Introduction: Budget Light Chaser
Hello, this is my first robot I ever built. I didn't think of recycling old RC car body's at the time, so I ended up making the frame out of cardboard that I formed a T with, and used lots of hot glue for added support.
I couldn't let this old instructable go to the dust so I had to post it, I know its rudimentary and very basic, but this shows where I have started, and will give a good before/after view of my constantly improving robotics skills.
Step 1: Materials / Tools Needed
Required Materials Needed : -Cardboard. -08M2+ / any PICAXE micro-controller. -Breadboard. -2 Servos ( I used modified HXT900's ) -4 AA Battery Holder. (I use rechargeable batteries) -Jumper Wires. -Pipe Cleaners (To hold down the servo). -1 LDR. Optional Additions : -Use 2 LDRs so bot can have better direction(left/right). -Better platform. Tools Needed : -Hot-Glue Gun. -Scissors. -Soldering Iron (for AXE029 assembly). It was my first time modifying a servo, and I thought it was very simple, there are multiple guides online, so I'm not going to reinvent the wheel.
Step 2: AXE 029 Breadboard Adapter
I bought the AXE029 breadboard serial adapter so I could program the PICAXE with ease. It comes in pieces, so you get to solder it together yourself. I had quite a good time soldering it, but I love assembly required stuff. I would highly recommend buying this if you plan on doing a project like this. I personally make all my orders from Sparkfun.com.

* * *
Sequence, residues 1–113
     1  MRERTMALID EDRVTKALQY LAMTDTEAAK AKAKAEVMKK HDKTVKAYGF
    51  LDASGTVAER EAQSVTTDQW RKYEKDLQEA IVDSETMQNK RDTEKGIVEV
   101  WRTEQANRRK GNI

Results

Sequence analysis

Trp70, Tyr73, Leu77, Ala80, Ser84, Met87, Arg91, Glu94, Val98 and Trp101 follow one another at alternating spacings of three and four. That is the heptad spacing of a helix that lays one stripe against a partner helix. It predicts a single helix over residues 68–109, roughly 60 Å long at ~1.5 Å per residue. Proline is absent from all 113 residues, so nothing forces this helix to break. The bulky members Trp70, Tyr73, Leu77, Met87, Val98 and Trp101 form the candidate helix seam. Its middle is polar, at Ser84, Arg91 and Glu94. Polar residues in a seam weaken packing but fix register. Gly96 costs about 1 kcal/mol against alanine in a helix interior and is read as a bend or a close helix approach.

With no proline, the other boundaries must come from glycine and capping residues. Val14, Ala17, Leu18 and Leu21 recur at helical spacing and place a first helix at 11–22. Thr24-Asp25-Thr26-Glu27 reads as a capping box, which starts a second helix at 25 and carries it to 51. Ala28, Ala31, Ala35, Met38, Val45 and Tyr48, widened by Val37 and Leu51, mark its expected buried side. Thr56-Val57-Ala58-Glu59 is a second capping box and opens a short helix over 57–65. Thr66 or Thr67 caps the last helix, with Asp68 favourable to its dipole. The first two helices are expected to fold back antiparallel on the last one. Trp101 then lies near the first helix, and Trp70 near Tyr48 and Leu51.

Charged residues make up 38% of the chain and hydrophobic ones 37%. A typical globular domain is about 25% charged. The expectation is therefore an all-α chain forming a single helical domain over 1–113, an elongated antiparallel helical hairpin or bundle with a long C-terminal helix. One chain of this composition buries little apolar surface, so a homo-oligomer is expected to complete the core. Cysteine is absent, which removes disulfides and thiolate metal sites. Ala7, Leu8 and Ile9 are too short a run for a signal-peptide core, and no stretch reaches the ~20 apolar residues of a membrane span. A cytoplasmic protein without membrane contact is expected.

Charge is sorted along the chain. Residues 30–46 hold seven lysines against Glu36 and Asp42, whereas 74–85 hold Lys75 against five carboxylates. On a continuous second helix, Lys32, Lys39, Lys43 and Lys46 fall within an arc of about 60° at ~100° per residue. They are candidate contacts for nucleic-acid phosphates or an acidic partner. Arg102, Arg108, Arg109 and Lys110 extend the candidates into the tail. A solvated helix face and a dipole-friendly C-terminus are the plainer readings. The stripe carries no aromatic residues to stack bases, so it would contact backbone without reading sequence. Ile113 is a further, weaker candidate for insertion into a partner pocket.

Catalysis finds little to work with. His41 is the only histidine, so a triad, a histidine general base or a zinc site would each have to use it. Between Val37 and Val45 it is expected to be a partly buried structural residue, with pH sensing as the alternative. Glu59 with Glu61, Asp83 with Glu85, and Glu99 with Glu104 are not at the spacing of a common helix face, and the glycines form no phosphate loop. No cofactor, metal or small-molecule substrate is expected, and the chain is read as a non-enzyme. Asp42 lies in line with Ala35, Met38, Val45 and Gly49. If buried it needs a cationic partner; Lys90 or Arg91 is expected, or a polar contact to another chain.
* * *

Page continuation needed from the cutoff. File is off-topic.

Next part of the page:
Step 4: LDR (Light Dependent Resistor)
They are pretty much a solar resistor, when I first looked for info online about them, it was pretty intimidating, but for how cheap they are I had to give it a try. I feel like they bring a automated feel to the robot by giving a variable that can change at any time(the light resistance)
Step 5: Sturdy Rear Wheel on Axle
I had used a cardboard fin to start(bad idea), it was very picky on what surface it would work on. The fin finally collapsed in, but I had recently scrapped the wheels from an old toy, so I hot glued them on for added traction/support. This would be the step I recommend to use your imagination on.
Step 6: Final Circuit
I plan on adding more here
Step 7: The Code
The code for a PICAXE is very simple to learn, if any of it doesn't make sense I would highly recommend downloading the PICAXE manual part 2 PDF file, it has every keyword your gonna need. Since I used the cheaper 08M2 chip I was limited on my pins that I could use, but I managed to simplify it until it worked. I feel like the code is the heart of a bot, but to save you guys the time it took me to get it at least working, I will post the v.1 of the working script.
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